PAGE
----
When I was eleven years old growing up in the middle of an strangely political, secretly Amish community, an old hag in pink scrubs put a curse on me. She passed out these small bags one day during gym class, and like a fool, I gladly accepted one. Apparently, my underdeveloped frontal cortex hadn’t fully grasped the take home message of all Disney films – never trust ugly, older women. So, like an idiot, I sealed my own damn fate. Once a month for the next thirty years, I would lose my beauty and transform into a wretched old hag, wrecking havoc on all who dared cross my path.
That bag contained everything I would need for the rest of my female existence. One tampon, two pads, a bandaid, a granola bar and a pamphlet entitled “Little Red and You!” Because, even at eleven, I knew what was important, I hid the granola bar in my pocket, then went up and told the school nurse my goodie bag had been missing one. I figured it was kind of a one and done sort of scam, so I took my double granola jackpot and everything else went into the garbage.
I never actually read that pamphlet, so I only have guesses about what the little blonde girl on the cover wanted to teach me. Perhaps she was explaining how to figure out which of your friends where actually red commies. Maybe “little red” was actually a little devil, come to explain what horrors I had caused in a previous life that I was paying for. It may have been a sponsored marketing gimmick about a young girl figuring out what feminine hygiene products were best for her. Not too hard, not too soft, but always, juuuust right.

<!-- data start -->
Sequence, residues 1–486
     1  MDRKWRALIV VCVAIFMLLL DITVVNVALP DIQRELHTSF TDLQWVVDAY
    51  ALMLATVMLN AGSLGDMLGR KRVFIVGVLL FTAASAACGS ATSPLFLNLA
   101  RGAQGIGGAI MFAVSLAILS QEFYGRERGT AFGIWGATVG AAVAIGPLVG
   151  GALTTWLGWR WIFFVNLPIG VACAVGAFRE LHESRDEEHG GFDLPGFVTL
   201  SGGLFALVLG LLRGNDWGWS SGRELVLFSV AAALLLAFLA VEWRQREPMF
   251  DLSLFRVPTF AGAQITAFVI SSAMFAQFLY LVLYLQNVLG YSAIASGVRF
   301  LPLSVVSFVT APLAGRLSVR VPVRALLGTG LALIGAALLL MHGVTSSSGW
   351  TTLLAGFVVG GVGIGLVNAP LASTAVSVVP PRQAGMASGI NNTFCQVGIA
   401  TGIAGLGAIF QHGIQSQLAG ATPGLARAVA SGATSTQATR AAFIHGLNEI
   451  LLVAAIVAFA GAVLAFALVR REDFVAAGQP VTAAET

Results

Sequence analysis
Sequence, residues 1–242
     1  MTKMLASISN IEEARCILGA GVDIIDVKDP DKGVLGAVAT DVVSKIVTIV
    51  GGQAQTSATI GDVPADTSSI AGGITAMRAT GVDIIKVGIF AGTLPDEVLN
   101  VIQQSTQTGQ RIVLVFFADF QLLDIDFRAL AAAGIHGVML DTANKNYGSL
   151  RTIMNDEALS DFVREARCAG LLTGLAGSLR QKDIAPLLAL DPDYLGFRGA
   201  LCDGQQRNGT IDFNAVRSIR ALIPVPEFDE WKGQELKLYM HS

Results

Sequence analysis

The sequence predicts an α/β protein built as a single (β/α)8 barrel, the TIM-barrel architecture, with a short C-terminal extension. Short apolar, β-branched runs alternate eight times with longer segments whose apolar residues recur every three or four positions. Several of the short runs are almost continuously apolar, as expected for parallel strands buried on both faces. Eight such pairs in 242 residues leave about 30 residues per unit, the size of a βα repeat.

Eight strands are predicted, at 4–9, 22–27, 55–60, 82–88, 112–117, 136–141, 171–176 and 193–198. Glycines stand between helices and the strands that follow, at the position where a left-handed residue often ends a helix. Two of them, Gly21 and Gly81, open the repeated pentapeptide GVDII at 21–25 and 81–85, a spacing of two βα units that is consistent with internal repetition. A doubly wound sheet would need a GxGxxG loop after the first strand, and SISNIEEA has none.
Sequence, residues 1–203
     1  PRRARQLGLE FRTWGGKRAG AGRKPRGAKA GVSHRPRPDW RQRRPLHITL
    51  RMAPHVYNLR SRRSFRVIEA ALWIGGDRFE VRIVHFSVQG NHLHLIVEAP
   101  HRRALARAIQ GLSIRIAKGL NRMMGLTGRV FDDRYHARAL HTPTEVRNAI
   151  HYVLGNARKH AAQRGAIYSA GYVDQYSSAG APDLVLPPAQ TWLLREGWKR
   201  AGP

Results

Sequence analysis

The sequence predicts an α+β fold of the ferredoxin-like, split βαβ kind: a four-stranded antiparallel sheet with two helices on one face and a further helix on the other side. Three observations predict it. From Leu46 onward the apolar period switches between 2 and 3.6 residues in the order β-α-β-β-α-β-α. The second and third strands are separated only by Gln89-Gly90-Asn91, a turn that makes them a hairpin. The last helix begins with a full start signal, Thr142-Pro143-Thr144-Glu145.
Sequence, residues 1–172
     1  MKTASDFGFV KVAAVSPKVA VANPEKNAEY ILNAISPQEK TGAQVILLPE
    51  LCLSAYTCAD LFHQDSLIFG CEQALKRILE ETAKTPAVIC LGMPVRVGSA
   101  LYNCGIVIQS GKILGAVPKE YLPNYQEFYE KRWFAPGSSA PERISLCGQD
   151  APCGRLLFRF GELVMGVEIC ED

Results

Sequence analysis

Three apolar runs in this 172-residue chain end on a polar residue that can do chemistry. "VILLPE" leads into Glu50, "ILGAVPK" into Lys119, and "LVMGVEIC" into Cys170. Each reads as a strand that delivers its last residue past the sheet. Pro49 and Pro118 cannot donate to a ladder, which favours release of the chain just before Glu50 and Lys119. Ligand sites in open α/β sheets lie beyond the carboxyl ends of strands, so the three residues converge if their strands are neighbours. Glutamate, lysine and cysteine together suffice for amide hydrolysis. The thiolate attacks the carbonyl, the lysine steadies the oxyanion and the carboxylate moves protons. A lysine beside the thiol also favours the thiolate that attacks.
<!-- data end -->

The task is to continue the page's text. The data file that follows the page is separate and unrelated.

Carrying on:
No matter what that pamphlet was supposed to be, it was simple. The little girl wasn’t giving a complicated life lesson. Either your friends are Russian spies, you were too busy watching the Pharaoh sunbathe to make sure the pyramid was structurally sound, or you should try pads if tampons seem intimidating. That was it.
That crappy little bag contained the secret to surviving and thriving during this thirty-year curse. If it had contained the Franco family Christmas card and a unlimited Chipotle card, I would have assumed that my school nurse was actually Glinda. Now, I don’t even want to think about what our eleven-year-old selves would be faced with these days. It’s not simple anymore.
With a thousand different ways to have your period, what’s a little Red to do? Goldilocks couldn’t figure out what porridge she wanted to eat, and she only had three choices. Now, she could have hot porridge, cold porridge, porridge that’s completely vegan, a porridge you can place inside of you to collect your hunger, a shot of porridge that will prevent you from getting your hungry for months on end, or no porridge at all. And I haven’t even started on types of menstruation care! If having more choices were better, Goldilocks would have just been another drunk girl: stealing food and falling asleep in a stranger’s bed.
If that pamphlet would have taught me anything, it’s that women cannot be trusted to make decisions, and they especially can not be trusted if they are in hysteria caused by a traumatic event, such as breaking into someone’s home, or, I don’t know, bleeding for seven days.
C’mon, America. It’s time to lose all the frills that come with bleeding. Say peace to period panties, sayonara to hormone shots, catch ya never to cups of blood. Let’s make periods great again. .